Keith Primeau was one of the greatest leaders the NHL has ever seen. He shined for years with the Philadelphia Flyers, while being regarded as one of the most dominant two-way centers in the league. His leadership and post as the commander of the Flyers epitomized the hard-nosed, blue-collar spirit that Philly holds dear.
Big-bodied centers with good hands and a strong hockey I.Q. are not easy to find. That’s why there is only one Keith Primeau. But a young, 6’5” 210-pound center from the province of Quebec may be developing into a Primeau-eque mold.
Frederik Gauthier hails from the southwest part of Quebec in Laval, sitting just north of Montreal. Laval has produced some stellar NHL players before including Martin St. Louis, Donald Audette, Pascal Dupuis, and Jose Theodore. Most notably, Mario Lemieux played his junior hockey with the Laval Voisins finishing his QMJHL career with 562 points in 200 games over three seasons. In his final year in Laval Super Mario broke the league record for points in a season with 282 in 70 games.
Gauthier played two years of midget AAA hockey for the College Esther-Blondin Phenix. Large players tend to develop slower as they get used to playing in their frames. Although his stat line wasn’t overly impressive after his first year with the Phenix, he showed enough potential to be selected in the third round (40th overall) by the Rimouski Oceanic in the 2011 QMJHL Entry Draft.
The biggest knock on young talents with large frames is that they take time to develop their skating ability and coordination. The French-speaking center is an exception. He has outstanding skating ability for his size and the hands to boot. Couple his speed and agility with his long reach and Gauthier has the makings of a star two-way forward. He showed off those talents in his second season with College Esther-Blondin, where he finished with a team-leading 26 goals and 25 assists in 39 games. Gauthier continued to display his competitive nature with 13 goals and 11 assists in 13 playoff games en route to the playoff championship. The clutch power forward added two goals and nine assists in seven games as the Phenix reached the gold medal game of the Telus Cup.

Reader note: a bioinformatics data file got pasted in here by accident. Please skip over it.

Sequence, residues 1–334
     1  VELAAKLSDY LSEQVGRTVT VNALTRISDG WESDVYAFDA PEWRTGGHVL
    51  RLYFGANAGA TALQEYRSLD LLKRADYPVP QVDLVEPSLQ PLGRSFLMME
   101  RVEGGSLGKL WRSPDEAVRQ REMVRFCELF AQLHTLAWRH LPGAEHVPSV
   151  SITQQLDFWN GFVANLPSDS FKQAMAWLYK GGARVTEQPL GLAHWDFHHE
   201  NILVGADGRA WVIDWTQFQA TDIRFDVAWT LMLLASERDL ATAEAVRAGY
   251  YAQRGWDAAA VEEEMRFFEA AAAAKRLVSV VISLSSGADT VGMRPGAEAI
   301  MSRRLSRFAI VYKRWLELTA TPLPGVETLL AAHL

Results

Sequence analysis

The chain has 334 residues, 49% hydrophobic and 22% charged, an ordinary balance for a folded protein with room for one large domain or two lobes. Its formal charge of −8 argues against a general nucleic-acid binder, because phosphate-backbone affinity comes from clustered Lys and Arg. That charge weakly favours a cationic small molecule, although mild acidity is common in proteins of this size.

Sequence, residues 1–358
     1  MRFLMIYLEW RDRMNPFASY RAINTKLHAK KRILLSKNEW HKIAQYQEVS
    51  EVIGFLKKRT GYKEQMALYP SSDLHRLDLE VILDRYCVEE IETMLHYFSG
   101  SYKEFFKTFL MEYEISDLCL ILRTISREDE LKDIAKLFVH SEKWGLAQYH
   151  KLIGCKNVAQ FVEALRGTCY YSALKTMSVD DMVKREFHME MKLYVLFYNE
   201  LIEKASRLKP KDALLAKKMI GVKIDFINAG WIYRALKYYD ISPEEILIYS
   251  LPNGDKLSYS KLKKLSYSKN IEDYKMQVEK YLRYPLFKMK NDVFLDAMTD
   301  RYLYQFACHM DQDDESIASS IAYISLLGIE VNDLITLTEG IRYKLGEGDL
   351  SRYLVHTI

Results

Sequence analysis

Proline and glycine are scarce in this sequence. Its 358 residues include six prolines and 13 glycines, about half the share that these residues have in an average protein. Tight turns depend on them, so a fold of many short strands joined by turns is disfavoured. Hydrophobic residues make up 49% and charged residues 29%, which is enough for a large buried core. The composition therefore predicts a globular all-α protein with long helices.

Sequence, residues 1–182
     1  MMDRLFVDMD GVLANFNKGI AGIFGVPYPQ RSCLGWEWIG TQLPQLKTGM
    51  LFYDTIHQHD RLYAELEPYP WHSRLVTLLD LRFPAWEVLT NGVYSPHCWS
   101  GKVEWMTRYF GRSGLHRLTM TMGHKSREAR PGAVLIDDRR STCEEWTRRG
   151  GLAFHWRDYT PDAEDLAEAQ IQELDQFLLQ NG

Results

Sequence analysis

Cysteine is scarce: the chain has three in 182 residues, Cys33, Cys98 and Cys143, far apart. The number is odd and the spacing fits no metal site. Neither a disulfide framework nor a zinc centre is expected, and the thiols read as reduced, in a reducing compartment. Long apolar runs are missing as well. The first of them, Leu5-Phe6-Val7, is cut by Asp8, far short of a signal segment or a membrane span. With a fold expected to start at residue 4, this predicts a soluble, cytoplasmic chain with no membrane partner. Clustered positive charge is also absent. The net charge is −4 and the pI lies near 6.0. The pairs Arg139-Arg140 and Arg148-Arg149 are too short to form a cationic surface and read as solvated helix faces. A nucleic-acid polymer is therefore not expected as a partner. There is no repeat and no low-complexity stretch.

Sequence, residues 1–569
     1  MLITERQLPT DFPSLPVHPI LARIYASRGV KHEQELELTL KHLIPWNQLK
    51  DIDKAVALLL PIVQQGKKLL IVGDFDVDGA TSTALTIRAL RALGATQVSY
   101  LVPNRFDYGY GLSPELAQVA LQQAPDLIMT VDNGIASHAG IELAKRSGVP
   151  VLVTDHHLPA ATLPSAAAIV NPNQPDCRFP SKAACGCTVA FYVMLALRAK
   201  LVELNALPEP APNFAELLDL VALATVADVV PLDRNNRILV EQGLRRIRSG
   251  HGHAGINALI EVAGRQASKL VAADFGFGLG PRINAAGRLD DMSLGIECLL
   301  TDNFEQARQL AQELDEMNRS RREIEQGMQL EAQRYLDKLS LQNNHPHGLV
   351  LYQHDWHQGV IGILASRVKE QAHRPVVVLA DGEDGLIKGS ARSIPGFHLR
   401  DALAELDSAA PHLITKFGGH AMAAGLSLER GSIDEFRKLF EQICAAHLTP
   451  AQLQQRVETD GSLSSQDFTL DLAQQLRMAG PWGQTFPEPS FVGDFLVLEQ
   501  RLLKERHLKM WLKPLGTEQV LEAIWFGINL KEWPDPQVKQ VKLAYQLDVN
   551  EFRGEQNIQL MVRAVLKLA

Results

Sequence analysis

This season Gauthier continued to exhibit his maturation with Rimouski. Unlike the prospect I profiled last week, Anthony Mantha, Gauthier is not a pure scoring threat. He has a decent shot with the occasional laser if he has the time and momentum to snap it off quickly. But, his game is much more balanced and focused on distributing the puck rather than possessing it. The Oceanic center finished this season without a single hat trick, yet he did have two three-assist games. That’s not to say the big playmaker can’t rack up the points. He scored 22 goals with 38 assists in 62 regular season games. More impressive was his plus-22 rating, which was good for second on his team and fifth among rookies in the QMJHL.
The plus/minus rating is a true testament to Gauthier’s emphasis on the defensive aspect of the game. Chris Bordeleau of NHL Central Scouting cannot match Gauthier to any current or former NHLer because of the youngster’s defensive discipline and awareness. It is known that Gauthier’s hockey smarts are superb and he can play in all three zones without a worry. His maturity and intelligence is off the charts for a player his age. Throw in his monstrous build and steady skating ability and you can see why he is a highly coveted prospect for the upcoming 2013 NHL Draft.
As if it could get any better with this kid, he led all QMJHL rookies with 682 faceoff wins (285 more than the next guy). Faceoffs are an important aspect of his game and it shows in his ability to handle the workload in the dots. Gauthier was seventh in the QMJHL among all players in faceoffs taken; displaying the confidence his coach has in him in clutch situations.
Gauthier was ranked seventh amongst North American skaters in Central Scouting’s mid-term rankings, and finished the year ranked eighth in the CSS final rankings. He is an impressive specimen on the ice with all the tools necessary to become a star in the NHL. Like most large prospects Gauthier needs to utilize his size more in battles and one-on-one situations along the boards. But, there is no denying his two-way smarts and respect for playing in his own zone.
With his talents and sky-high ceiling Gauthier will most likely be selected in the top 15 picks of the 2013 NHL Draft. In my initial mock draft I predicted Gauthier would land in the desert 12th overall with the Phoenix Coyotes. Tom Zulewski had Gauthier going to the Dallas Stars with the 10th pick in the 2013 NHL Draft. If Gauthier is still around when the Flyers pick 11th overall, they would be wise to take a long look at the French-Canadian talent.
He could be the best player to come out of Rimouski since Sidney Crosby.